Swiss Cheese Pontiacs

LMBRJQ 60

Well Known Member
Supporting Member 4
#1
Hi All,

I hope every one over there is gearing up for the Christmas festivities.
I think it is going to be a cold one here, maybe 25 degrees, Celsius that is:crazy

Swiss Cheese Pontiac's

How many were there that were built and how many original ones are still around?

Steve
 

oleblu72

Well Known Member
Supporting Member 1
#2
Hi All,

I hope every one over there is gearing up for the Christmas festivities.
I think it is going to be a cold one here, maybe 25 degrees, Celsius that is:crazy

Swiss Cheese Pontiac's

How many were there that were built and how many original ones are still around?

Steve

Now you went and did it Steve, now I want a wheel of smoked Swiss Cheese.:tongue2

Mark
 

Tom Kochtanek

Well Known Member
Supporting Member 9
#5
Years back on the way home from Thompson Drag Raceway James and I were in the '62SS car and stopped to visit with Vance Heck in little town in Ohio. He had a gaggle of 1962 Super Duty cars, two of which were real. Reason I mention it was he had an aluminum frame for a '63, said it was one of three or something like that. No body, just the frame. Bet that was lighter than drilling big holes in your frame :).

Cheers! TomK
 

real61ss

Well Known Member
Supporting Member 8
#6
I found this on a Pontiac site......1963 Catalina 421SD "Swiss Cheese". By 1962 Pontiac was the dominant manufacturer in both NASCAR and NHRA drag racing. As the 1963 season approached, competition from other manufacturers was fierce, and in order to maintain their dominance Pontiac engineers upped the ante by producing a handful of lightweight, all-out race cars. Aside from using aluminum front fenders, hood, inner fender wells, radiator core support, bumpers and bumper brackets, the exhaust manifolds, bellhousing, and rear axle center section were also made from aluminum. More weight loss was achieved by eliminating all non-essential equipment, soundproofing and body sealers. If that wasn't enough, the frame was lightened by drilling approximately 130 holes and eliminating the boxed rails. Upon seeing the car for the first time, a journalist referred to the frame as being "like swiss cheese", and the name stuck. Conservatively rated at 405hp, these were all-out race cars and not designed for street use. Only 14 "Swiss Cheese" 421SD Catalinas were built before the January 1963 AMA ban on factory racing activities came down.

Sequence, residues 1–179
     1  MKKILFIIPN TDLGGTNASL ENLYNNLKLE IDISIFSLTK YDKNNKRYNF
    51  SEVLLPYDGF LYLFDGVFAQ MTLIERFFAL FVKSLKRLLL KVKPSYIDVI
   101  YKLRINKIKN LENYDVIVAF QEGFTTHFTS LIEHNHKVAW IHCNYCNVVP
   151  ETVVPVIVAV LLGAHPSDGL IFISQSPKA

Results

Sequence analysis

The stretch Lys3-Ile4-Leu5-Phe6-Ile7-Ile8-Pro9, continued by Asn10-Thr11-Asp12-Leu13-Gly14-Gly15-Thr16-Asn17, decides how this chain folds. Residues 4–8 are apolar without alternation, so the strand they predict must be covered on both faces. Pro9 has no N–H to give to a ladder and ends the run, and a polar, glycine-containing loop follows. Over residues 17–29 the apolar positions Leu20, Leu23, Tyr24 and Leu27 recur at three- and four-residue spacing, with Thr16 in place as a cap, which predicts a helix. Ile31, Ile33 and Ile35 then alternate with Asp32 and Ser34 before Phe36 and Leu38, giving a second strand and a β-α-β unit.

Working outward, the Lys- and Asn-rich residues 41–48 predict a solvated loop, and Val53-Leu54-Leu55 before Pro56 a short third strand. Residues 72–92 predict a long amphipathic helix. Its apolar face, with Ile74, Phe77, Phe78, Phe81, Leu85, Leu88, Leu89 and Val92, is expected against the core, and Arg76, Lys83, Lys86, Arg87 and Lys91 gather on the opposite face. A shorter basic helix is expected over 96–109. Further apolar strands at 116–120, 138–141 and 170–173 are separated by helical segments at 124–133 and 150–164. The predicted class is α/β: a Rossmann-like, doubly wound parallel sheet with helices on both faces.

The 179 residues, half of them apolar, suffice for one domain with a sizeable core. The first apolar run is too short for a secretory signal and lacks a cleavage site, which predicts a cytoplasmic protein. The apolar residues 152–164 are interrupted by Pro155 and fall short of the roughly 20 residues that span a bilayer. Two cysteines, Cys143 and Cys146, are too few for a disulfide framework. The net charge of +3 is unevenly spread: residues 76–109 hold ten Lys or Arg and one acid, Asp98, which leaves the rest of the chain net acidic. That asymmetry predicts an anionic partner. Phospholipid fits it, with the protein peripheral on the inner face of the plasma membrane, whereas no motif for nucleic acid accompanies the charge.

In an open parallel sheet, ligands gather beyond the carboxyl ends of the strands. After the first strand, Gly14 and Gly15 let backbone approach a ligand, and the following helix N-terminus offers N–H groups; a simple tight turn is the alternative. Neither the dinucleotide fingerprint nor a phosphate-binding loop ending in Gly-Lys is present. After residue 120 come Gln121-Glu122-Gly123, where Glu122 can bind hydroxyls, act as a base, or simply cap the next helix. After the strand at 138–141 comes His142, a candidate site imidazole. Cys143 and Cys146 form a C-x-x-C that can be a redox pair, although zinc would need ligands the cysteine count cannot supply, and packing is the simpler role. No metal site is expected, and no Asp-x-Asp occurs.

real61ss

Well Known Member
Supporting Member 8
#9
I have seen 3....1 in Phoenix in Pat Magruder's collection which was Mickey Thompsons, 1 in Henderson, TN CK Spurlock's collection, and HP here on the forum has one. HP is Herb Patton who joined this year.
Very rare!!!!!
I think I remember Floyd having one many years ago. I think Bob Kudson owns the one pictured above now
 

4onthefloor

Well Known Member
Supporting Member 1
#13
I have seen 3....1 in Phoenix in Pat Magruder's collection which was Mickey Thompsons, 1 in Henderson, TN CK Spurlock's collection, and HP here on the forum has one. HP is Herb Patton who joined this year.
Very rare!!!!!
Was that the Van Winkle car? I think my buddy bought 2 SD from Reggie. One was the Van Winkle cheese car and one was the kimberley blue “Dmitri Toth” SD car. I wound up with the SD car and he kept the Van Winkle car. All moved along now.
 

Greg Reimer

Well Known Member
#15
In high school, around 1970-72, my brother got a rather thrashed black/red interior '62 Catalina, 389 with an aluminum T-10. I had to pull the 4 speed and put a cluster and an input shaft in it, and that car had a perimeter frame, and the rear end mounted very similar to a Chevelle as I remember. It had an open one piece drive shaft,although the car was almost identical in appearance to a Chevy Impala. Why didn't they put that frame and drive line in the Chevy? After busting up a bunch of Chevy drive line and frame parts,I wondered what would have been involved in putting a Pontiac chassis under a Chevy. Anybody ever do this?